2

I have an outstanding claim against a company. They have agreed to settle before the hearing, but, it is subject to me filing a notice of discontinuance to the court which is understandable.

The entire email chain, including the offer was marked without prejudice - which I fully understand whilst we were discussing it.

Whilst I don't trust the company, this agreement was made with their solicitors and I believe it will be done honestly, and I am happy to sign/send, however, I am wondering if this is legally correct?

Should the last email confirming be sent without the without prejudice tag, or, is an agreement within an email legally binding?

5

Its difficult to tell without seeing the exact paperwork, and the exact meaning of without prejudice varies by jurisdiction (I think UK is the same as here in NZ though).

If an agreement is reached through communications marked "without prejudice" it should be valid in court to the extent that it shows an agreement was reached and what the agreement was (but the court will not generally look at the documents marked without prejudice for other reasons – e.g. admissions made – if no agreement is reached).

There are a couple of other relevant things to mention – although not strictly part of your question:

  1. Lawyers are officers of the court, and have duties to the court, which include acting ethically. So, provided it's a reputable law firm, it is reasonable to (somewhat) trust their solicitors in procedural matters.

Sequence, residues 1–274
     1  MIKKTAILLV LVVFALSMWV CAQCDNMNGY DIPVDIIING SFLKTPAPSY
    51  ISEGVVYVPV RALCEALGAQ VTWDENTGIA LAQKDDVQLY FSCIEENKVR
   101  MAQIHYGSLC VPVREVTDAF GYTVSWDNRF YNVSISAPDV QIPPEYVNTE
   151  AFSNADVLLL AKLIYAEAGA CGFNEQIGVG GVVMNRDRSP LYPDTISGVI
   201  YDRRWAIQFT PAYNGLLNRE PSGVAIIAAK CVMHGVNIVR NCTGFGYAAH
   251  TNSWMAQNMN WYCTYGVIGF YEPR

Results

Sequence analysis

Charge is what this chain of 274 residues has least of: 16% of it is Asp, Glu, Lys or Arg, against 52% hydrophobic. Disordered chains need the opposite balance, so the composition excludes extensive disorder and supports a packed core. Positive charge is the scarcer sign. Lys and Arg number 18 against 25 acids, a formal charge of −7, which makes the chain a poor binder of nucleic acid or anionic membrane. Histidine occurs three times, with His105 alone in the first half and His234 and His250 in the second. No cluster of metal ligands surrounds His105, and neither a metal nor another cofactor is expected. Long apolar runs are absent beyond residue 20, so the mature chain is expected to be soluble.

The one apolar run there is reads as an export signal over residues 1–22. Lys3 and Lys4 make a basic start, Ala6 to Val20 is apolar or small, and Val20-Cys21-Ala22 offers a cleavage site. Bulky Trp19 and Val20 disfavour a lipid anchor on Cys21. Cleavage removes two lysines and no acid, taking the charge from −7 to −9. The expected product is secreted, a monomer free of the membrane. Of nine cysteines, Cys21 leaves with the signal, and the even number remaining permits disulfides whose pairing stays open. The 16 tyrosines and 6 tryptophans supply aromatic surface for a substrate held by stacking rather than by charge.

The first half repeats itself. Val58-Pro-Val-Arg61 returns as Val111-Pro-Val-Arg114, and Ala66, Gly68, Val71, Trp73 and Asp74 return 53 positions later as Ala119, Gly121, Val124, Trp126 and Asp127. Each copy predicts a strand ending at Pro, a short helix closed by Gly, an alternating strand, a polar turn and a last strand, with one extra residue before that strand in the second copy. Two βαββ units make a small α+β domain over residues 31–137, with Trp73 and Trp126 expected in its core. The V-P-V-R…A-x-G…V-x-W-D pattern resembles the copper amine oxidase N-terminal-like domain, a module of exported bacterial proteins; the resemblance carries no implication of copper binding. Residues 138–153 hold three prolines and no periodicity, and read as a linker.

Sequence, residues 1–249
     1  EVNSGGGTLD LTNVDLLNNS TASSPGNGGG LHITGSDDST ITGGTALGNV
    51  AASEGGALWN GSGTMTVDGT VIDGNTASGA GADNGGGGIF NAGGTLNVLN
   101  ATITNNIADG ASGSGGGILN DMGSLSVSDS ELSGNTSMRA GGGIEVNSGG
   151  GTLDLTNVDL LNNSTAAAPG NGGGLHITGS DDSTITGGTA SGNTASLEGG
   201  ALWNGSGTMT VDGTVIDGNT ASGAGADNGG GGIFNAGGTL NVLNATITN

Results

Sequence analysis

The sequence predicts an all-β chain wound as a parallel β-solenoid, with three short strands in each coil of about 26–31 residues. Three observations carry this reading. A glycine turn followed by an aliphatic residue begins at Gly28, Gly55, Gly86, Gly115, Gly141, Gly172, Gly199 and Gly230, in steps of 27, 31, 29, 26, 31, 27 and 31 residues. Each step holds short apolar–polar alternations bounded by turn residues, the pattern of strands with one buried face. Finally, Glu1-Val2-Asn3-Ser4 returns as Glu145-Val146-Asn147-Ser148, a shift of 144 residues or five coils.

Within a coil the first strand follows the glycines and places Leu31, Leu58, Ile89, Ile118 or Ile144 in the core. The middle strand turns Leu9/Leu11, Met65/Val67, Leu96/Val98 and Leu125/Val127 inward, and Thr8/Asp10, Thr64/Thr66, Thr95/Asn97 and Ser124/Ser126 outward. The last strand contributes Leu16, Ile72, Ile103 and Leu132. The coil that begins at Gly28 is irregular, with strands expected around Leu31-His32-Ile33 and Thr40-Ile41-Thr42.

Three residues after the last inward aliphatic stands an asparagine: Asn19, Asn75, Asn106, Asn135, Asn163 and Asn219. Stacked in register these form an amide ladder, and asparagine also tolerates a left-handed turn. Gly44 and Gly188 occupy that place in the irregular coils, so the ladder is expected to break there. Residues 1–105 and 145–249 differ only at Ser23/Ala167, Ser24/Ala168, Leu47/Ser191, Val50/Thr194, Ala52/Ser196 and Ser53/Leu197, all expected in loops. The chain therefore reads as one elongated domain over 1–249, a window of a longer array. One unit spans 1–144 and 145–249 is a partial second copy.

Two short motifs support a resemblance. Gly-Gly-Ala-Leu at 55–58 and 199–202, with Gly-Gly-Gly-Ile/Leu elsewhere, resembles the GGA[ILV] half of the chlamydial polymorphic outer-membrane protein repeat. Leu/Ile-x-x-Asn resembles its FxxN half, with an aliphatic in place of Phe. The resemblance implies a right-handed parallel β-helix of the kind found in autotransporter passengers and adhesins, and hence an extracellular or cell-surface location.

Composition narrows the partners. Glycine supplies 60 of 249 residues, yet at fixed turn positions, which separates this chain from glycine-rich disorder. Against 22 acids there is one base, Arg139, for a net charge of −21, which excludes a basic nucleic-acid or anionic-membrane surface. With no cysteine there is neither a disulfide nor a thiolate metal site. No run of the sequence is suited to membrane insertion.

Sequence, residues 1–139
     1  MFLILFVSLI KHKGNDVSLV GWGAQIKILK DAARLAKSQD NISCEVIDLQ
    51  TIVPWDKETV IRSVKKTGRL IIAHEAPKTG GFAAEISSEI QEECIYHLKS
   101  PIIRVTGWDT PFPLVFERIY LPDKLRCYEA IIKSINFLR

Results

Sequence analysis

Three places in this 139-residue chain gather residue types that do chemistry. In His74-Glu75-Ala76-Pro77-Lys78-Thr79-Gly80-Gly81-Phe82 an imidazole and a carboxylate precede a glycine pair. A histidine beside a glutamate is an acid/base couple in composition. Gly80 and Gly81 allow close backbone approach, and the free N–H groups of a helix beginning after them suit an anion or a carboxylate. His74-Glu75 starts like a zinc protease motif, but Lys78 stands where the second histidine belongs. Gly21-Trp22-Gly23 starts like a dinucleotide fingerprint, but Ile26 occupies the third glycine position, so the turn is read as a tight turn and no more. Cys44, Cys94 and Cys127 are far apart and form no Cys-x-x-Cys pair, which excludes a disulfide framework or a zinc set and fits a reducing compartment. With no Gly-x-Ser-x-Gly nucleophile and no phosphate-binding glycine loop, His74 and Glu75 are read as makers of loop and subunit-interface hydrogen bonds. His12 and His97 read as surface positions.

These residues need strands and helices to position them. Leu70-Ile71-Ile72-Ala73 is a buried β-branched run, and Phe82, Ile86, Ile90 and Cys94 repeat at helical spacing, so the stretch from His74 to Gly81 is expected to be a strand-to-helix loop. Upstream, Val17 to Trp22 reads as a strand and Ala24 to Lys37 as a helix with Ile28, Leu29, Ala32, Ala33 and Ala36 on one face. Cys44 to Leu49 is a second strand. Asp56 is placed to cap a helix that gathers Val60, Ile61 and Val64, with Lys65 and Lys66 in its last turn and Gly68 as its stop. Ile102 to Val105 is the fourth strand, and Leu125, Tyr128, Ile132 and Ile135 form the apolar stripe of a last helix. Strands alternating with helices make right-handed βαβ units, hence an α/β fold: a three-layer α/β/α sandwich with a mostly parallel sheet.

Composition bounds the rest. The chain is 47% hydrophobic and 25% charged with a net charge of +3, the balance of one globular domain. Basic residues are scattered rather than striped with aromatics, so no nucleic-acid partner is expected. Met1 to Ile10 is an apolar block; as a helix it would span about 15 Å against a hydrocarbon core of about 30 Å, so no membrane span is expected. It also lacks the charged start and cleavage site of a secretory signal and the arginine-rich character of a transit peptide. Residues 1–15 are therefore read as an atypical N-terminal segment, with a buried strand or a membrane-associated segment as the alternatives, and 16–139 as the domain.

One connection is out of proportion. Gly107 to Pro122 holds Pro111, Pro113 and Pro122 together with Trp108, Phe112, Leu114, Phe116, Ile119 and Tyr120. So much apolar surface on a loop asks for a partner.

2. My understanding is that courts encourage anything that will help settle a matter out of court – hence the whole idea of "without prejudice" letters being valid. I believe that the court will uphold an agreement reached through communication of without prejudice emails as it's in their interests.

  3. If you have these kinds of concerns, you can raise them with their solicitor, suggesting that you would prefer the final document to not be without prejudice, even if it only refers to the matter and agreement, without sensitive stuff. I imagine they would be only to happy to oblige, as they can bill their client for another letter!

  • That's great, thank you.... also, happy - I agreed yesterday, signed the form yesterday and I was paid this morning. I didn't think there was anything to worry about, but, this is great information to know. – William Hilsum Jun 22 '16 at 14:29

Your Answer

By clicking “Post Your Answer”, you agree to our terms of service, privacy policy and cookie policy

Not the answer you're looking for? Browse other questions tagged or ask your own question.